The Port of Cork is partially “insulated” from future developments at Whitegate oil refinery but has a clear preference for it to remain operational, according to its chairman.
The refinery’s future continues to hang in the balance as the obligation on its owner Phillips 66 to operate the facility until July 2016 draws closer.
The ongoing uncertainty is cause for concern for the port which counts on Whitegate for 55% of its freight traffic.
The possibility that the refinery would be converted to a storage facility if the “worst-case scenario” came to pass offers some solace regardless of whether Whitegate remains operational, said Port of Cork chairman John Mullins.
“The worst case scenario if it closes is that it will be converted into strategic storage and actually a place where refined product will be shipped from,” said Mr Mullins.
“We believe [oil] product will still have to come through Cork.
“Logistically, you just couldn’t turn a switch over night and actually give this to Dublin or give it to Shannon Foynes.
"They do not have the capacity nor do they have the transport infrastructure, the reservoirs, the tankage etc, to do it but that’s cold comfort if the refinery closes down.
“Our view as a port board and company is we believe [Whitegate] is of strategic energy importance; not just to the south of Ireland but actually to the totality of Ireland and our thoughts are with the workers at the moment and hopefully this will get clarified very soon.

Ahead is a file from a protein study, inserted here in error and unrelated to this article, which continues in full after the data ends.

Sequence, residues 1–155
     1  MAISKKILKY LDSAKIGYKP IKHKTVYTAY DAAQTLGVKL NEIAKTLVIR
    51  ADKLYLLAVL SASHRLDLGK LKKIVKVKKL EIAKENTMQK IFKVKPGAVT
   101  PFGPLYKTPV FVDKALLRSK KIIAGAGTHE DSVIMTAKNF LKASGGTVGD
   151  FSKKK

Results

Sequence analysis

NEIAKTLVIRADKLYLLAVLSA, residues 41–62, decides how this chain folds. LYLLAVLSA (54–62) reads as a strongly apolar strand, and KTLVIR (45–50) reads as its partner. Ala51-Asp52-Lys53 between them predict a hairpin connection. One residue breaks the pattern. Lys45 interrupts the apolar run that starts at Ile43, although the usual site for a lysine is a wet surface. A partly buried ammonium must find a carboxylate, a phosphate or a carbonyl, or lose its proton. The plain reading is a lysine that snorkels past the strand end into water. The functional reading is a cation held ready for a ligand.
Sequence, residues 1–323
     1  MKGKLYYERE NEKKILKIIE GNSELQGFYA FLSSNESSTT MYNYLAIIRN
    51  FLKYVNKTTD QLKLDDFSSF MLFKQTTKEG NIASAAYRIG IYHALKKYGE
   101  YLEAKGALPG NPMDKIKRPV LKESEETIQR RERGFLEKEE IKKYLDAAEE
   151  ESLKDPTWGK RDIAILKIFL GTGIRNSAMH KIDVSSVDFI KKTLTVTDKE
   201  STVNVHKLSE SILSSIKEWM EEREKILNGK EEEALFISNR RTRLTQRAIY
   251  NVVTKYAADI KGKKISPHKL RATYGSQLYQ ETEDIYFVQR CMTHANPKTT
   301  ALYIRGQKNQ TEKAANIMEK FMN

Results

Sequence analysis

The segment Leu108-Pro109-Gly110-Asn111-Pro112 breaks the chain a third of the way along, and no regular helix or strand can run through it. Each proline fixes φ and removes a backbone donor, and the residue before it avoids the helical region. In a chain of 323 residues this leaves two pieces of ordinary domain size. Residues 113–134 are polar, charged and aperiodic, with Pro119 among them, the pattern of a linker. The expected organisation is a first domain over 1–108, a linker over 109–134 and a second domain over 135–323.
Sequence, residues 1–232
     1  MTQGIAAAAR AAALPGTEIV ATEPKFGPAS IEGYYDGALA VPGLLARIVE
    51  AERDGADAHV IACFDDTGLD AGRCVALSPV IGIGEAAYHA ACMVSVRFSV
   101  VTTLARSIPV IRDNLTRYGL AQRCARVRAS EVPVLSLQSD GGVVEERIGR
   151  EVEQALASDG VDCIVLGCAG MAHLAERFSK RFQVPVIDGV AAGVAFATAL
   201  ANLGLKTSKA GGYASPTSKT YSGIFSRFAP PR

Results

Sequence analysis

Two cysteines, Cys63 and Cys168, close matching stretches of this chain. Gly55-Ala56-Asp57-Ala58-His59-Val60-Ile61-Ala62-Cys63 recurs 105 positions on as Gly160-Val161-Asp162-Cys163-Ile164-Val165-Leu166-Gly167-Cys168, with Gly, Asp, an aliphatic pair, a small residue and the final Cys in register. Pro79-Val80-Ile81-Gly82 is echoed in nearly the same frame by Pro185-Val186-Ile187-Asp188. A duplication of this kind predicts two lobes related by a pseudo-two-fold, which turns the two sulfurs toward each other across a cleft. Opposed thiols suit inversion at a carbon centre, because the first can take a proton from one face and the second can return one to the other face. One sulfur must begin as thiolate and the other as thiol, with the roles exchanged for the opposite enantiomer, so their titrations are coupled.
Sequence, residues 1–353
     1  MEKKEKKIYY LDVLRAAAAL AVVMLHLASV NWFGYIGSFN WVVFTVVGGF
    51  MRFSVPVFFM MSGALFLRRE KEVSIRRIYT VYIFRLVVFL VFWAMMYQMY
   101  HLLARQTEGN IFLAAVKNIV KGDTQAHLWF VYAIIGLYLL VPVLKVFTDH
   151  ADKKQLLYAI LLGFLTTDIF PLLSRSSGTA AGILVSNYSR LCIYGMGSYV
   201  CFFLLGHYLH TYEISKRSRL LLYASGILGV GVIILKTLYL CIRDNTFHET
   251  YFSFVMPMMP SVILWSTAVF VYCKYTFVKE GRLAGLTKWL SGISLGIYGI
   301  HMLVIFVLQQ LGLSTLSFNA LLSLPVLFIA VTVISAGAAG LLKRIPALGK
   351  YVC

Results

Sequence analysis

“There’s a glut of oil that needs storage so therefore we believe we’re insulated to an extent but frankly we’d prefer to see refining activity continue in Whitegate.”
In addition to the 155 or so staff directly employed by the refinery and 130 additional contractors, consideration must also be given to those employed in the transport industry whose fortunes are heavily influenced by the facility, Mr Mullins added.
The refinery is also of strategic importance to protect Ireland’s energy supply.
“Certainly, other countries in Europe have a deep security of supply concern if they didn’t have refineries.
"If this refinery closes we’re probably one of two countries in Europe that wouldn’t have a refinery,” said Mr Mullins.
The port’s chairman also criticised the extent of the support Whitegate had received to date.
He called on the Government to offer additional support, adding: “So far all you’ve heard is that it is of strategic importance; that’s not saying it’s of strategic necessity.”
Texas-based Phillips 66 put the refinery back on the market in November 2015 after reporting losses of more than $280m (€263.13m).
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